Ratings agency Fitch has warned that BHP Billiton’s plan to divest shale gas assets together with any increased level of shareholder payouts could impact the resources giant’s credit profile.
Fitch reaffirmed its ‘A+’ rating on BHP on Friday following stronger-than-expected results and cash flow generation in FY17, but kept its outlook as ‘negative’.
“We view the recent announcement regarding the classification of BHP’s US shale assets as non-core as being credit-negative for the company’s longer-term business profile, as the sale of these assets would take away a material portion of the expected future growth in BHP’s petroleum division,” the ratings agency said on Friday.
BHP in August declared its troubled US shale assets as “non-core” and said it was actively pursuing options to exit them, handing a partial victory to activist shareholders such as hedge fund Elliott Advisors who have been agitating for improved returns.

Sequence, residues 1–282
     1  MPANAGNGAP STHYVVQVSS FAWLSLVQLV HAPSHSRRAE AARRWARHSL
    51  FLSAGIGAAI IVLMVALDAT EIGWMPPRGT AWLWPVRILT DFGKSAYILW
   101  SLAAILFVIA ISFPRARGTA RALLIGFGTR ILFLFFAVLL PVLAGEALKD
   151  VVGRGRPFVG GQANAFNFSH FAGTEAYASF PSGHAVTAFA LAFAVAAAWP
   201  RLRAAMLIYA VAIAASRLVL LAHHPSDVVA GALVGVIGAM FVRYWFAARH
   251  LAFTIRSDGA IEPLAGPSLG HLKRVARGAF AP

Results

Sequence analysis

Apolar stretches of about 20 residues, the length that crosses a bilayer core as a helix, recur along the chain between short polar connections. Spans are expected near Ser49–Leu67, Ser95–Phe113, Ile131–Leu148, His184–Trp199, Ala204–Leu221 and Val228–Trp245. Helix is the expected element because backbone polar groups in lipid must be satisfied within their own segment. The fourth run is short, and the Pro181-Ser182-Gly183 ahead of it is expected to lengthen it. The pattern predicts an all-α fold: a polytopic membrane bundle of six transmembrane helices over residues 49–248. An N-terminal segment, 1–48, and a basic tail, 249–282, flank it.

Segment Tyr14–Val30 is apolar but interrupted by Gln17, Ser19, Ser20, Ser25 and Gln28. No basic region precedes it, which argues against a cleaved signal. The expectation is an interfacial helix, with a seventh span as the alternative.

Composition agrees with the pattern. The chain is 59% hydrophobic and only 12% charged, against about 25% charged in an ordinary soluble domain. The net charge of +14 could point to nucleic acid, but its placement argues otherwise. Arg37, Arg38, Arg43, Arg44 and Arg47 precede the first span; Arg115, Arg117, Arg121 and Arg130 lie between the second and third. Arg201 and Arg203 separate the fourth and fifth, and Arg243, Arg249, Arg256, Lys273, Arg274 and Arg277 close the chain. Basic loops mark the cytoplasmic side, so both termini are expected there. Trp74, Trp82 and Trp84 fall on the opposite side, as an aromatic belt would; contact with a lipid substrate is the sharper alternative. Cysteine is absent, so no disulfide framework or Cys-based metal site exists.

Elliott, which has called for the demerger of the petroleum business and share buybacks as a means of unlocking shareholder value, holds a five per cent interest in BHP.
Fitch said its negative outlook in part reflected concerns that the presence of an activist shareholder on the company’s register could result in an increased level of shareholder-friendly measures such as share buybacks or special dividends.
“Such a move could introduce a higher level of volatility to BHP’s credit profile and lead us to reconsider the ratings benefit we have historically given the company for its stable financial policies and credit profile.”
BHP trebled it final dividend for FY17 after generating free cash flow of $US12.6 billion in 2016/17 – its second highest on record – boosted by sharply higher earnings in iron ore, petroleum, coal and copper.
Fitch’s warning comes on the same day that BHP’s rival Rio Tinto announced it will buyback another $US2.5 billion worth of shares, as it returns proceeds from the recent sale of its non-core NSW coal operations.